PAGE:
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Frequently Asked Questions In Divorce And Family Law

Our attorneys have 25 years of combined experience. Mysti Murphy has been selected for inclusion in Texas Super Lawyers and is a regular lecturer and instructor on matters of Texas family law.

We invite you to read the following FAQ for background and to schedule a consultation for answers to your specific situation. The Law Firm of Mysti Murphy serves the greater San Antonio area.

Does Texas have no-fault divorce?

Under no-fault divorce in Texas, it is not necessary to accuse a spouse of wrongdoing. Either party may assert that the marriage has become “insupportable” or that you have already lived apart for three years. The vast majority of people choose this route. However, Texas also recognizes fault-based divorce. The court can take fault grounds such as adultery, cruelty or abandonment into consideration when dividing the assets. A lawyer can help you weigh the pros and cons of each approach.

Is Texas a community property state?

Yes. This means each spouse is entitled to half of the marital estate, regardless of who was the breadwinner during the marriage. However, community property refers to the wealth acquired during the marriage. Assets owned by either spouse prior to marriage may be exempt from divorce, although the increase in value of those assets may be community property. Another issue is commingling of assets, in which separate property loses its exemption and becomes part of the estate. Lastly, a prenuptial agreement supersedes the community property presumption. In complex and high-asset divorce, it is critical to work with a lawyer who understands these legal nuances.

Are “conservatorship” and “custody” the same thing?

Not quite. The Texas family courts are moving away from the old custody-and-visitation model in which the mom gets the kids and the dad gets a couple of weekends. The Texas Family Code presumes joint managing conservatorship, meaning both parents are involved in important decisions about the child’s welfare and upbringing. The law also refers to possession and access, or shared physical custody. The default is a Standard Possession Order, which guarantees the noncustodial gets at least minimum parenting time. However, it has become increasingly common for parents to have more equalized physical custody under a negotiated (or court-ordered) possession schedule.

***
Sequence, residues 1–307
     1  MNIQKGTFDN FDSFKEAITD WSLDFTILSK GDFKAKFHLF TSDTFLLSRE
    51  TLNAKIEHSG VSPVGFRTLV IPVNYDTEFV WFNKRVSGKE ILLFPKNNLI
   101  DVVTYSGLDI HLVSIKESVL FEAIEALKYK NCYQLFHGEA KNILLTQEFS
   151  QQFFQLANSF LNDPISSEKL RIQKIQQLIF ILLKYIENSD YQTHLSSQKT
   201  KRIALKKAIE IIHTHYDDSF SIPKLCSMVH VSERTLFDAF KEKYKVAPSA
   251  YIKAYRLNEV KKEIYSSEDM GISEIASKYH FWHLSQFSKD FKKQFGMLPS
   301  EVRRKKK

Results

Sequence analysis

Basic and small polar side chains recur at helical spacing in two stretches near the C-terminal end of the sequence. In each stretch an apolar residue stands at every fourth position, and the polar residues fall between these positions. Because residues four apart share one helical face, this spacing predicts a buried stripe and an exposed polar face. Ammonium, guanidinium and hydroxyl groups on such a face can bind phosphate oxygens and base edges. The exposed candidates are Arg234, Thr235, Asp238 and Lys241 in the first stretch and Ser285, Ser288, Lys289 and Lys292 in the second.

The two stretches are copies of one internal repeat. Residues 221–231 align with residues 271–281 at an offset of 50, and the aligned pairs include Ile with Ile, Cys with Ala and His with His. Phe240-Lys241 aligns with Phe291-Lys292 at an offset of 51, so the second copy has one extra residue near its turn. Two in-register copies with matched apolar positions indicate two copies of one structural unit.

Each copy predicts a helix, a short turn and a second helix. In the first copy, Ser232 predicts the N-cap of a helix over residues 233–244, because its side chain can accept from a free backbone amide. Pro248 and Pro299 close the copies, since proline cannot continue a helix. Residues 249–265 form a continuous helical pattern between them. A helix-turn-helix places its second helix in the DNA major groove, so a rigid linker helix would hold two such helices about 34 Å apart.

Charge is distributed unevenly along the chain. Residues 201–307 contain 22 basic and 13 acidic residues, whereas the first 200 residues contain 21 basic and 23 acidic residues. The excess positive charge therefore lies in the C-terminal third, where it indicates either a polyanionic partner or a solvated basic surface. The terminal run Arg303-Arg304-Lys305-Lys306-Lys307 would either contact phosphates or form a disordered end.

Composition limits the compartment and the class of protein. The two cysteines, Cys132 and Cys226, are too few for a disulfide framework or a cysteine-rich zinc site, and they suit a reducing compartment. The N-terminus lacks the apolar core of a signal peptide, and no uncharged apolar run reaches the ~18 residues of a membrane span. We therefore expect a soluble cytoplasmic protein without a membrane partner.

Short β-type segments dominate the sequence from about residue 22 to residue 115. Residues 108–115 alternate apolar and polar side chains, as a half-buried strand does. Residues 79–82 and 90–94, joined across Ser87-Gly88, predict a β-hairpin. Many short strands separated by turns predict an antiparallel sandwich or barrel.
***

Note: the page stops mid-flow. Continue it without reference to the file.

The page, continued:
What is “alternative dispute resolution”?

The term alternative dispute resolution, or ADR, refers to alternatives to courtroom litigation. Going to court is expensive and adversarial, and puts your future and your children’s lives in the hands of a judge. Mediation is one form of ADR, in which a neutral mediator helps to broker an agreement on property, custody and other issues. Collaborative law is another method, in which the parties and their respective lawyers sign an agreement not to litigate and then collaborate with outside professionals to work out a detailed agreement. ADR is generally quicker and less expensive than going to court and gives you more control over the end result. However, sometimes litigation is unavoidable or advantageous.

Do we need a lawyer for adoption?

The adoption process is complex. There are many potential obstacles to a happy ending. An attorney can guide you through the legal process, from the paperwork and home study to potential conflicts such as termination of parental rights. If not executed properly, an adoption could be delayed or later reversed. Whether you are adopting through an agency, formally adopting a stepchild, or stepping in to adopt a grandchild, legal counsel can anticipate problems and smooth the way.

Answers, Attention, Advantage

Knowledge is critical to making informed decisions that will affect your family and your finances. You can count on the Law Firm of Mysti Murphy for solid legal advice and strong representation that puts you in a favorable negotiation position. Call 210-807-8227 or contact us online to schedule a consultation, including evenings or weekends by appointment. We also accept credit cards.